Obama and John Kerry’s deal threatened America and America’s foremost ally in the Middle East, and bolstered dictators like Ayatollah Khamenei and his client, Syria’s Bashar al-Assad, himself guilty of the murder of hundreds of thousands of innocent Arabs. In Obama’s deal, Iran agreed to wait just ten years before being able to cultivate the ingredients for a nuclear bomb. Worse, they instantly received $150 billion dollars in global assets — the equivalent, as Dermer recently pointed out, of the United States’ economy getting an $8 trillion windfall — and the international legitimacy to both accept lucrative investments and sell oil with impunity.

To the extent that Israel helped frame the dangers of the deal with Iran, few deserve credit as much as Ambassador Dermer. Considering Trump’s recent departure from the agreement, it seems Dermer did so effectively enough. But in the calm after the storm, one cannot forget just how rough the seas were for Dermer at the time.

In his tireless campaign to lobby members of Congress to push for a better deal with Iran, Ambassador Dermer met with more than two dozen Congressional leaders, authored brilliantly lucid columns, and addressed dozens of political leadership groups and action committees on both sides of the aisle. Whether on TV or at the lectern, Ron clarified the perils that faced both Israel and the United States with facts, insight, eloquence, and passion. But his finest moment by far was the central role he played in Prime Minister Netanyahu’s address to a joint session of Congress to oppose the catastrophic deal.

Dermer would face torrential criticism from the left for what they considered a snub of the American president. One former deputy chief of mission at the American embassy in Tel Aviv even said the speech episode rendered Mr. Dermer “damaged goods,” and “practically persona non grata among senior policy makers” in the United States government. Despite the harshness and scope of the criticism, Ron never backed down. President Trump’s removal of the United States from the disastrous JCPOA has provided the ambassador historic validation. Today, Ron is revered in the American pro-Israel community, particularly among American Christians, for his unparalleled courage.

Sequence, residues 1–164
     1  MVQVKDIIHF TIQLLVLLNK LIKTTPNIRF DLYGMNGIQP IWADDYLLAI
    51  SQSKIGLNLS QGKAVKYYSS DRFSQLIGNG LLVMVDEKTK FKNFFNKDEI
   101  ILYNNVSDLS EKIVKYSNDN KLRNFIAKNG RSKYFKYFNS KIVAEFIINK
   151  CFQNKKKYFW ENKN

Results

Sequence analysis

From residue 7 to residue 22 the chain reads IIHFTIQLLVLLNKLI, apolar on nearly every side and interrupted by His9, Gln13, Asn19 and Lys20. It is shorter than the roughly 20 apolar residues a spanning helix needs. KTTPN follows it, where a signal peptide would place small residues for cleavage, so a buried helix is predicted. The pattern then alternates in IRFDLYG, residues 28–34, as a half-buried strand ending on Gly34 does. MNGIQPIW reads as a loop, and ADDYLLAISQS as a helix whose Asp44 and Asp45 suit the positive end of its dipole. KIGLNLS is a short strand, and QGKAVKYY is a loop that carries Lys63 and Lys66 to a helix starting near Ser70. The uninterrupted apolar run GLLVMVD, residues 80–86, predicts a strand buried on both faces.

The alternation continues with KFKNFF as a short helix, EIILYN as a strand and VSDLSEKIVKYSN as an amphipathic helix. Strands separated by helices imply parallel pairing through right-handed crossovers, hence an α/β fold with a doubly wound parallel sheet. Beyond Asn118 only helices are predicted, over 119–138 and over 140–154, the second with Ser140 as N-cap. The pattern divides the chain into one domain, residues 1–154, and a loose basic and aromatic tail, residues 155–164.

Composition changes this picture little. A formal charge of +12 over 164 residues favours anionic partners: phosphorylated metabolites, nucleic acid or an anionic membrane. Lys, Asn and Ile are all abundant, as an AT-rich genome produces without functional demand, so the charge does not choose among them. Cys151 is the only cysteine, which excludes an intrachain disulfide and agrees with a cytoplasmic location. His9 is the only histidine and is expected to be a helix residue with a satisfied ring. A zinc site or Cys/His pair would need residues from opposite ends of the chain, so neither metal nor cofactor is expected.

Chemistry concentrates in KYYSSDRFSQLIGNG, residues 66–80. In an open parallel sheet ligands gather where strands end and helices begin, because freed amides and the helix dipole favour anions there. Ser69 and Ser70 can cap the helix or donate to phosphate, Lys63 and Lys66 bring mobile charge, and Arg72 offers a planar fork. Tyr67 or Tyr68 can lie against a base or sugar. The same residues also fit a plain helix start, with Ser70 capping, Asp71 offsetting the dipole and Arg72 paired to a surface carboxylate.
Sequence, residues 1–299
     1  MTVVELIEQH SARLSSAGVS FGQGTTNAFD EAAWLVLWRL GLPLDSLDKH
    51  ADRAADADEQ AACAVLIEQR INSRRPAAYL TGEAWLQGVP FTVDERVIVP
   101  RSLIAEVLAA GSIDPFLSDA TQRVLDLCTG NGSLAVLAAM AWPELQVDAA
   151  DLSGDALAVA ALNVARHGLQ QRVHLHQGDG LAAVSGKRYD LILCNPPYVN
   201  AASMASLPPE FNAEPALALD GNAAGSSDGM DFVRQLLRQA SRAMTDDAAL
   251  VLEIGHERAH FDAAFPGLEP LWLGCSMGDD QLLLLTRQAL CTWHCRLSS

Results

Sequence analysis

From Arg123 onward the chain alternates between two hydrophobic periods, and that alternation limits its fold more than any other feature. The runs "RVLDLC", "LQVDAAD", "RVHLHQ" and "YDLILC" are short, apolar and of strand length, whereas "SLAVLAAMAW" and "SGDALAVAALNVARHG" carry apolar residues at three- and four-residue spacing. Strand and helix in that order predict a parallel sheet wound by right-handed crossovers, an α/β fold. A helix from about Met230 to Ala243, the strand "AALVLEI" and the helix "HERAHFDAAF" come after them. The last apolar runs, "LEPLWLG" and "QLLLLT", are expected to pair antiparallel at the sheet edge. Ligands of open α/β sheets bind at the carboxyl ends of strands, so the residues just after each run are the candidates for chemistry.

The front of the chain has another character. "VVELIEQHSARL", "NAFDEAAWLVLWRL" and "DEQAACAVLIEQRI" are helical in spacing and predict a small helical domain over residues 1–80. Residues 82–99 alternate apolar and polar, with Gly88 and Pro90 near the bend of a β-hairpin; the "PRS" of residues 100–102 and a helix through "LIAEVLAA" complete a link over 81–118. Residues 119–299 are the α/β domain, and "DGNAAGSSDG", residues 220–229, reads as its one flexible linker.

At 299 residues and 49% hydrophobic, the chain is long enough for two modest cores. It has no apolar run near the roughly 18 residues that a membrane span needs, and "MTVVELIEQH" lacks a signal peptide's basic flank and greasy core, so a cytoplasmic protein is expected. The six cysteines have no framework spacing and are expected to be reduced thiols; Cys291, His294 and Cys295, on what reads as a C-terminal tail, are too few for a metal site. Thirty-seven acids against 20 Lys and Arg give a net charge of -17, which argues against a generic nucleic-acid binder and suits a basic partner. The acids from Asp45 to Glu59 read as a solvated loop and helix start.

Israel would be making a catastrophic error were he to be replaced. And Yair Lapid, who loves Israel with all his heart, should hear the thunderous applause at a Ron Dermer speech before he repeats the mistake of attempting to deny Israel its most eloquent spokesperson in the US.

Rabbi Shmuley Boteach, “America’s Rabbi,” whom The Washington Post calls “the most famous Rabbi in America,” is the international bestselling author of 30 books, including Judaism for Everyone and The Israel Warrior. Follow him on Twitter @RabbiShmuley.

The opinions presented by Algemeiner bloggers are solely theirs and do not represent those of The Algemeiner, its publishers or editors. If you would like to share your views with a blog post on The Algemeiner, please be in touch through our Contact page.

Share this Story: Share On Facebook Share On Twitter

Let your voice be heard!

Join the Algemeiner

This site is protected by reCAPTCHA and the Google Privacy Policy and Terms of Service apply.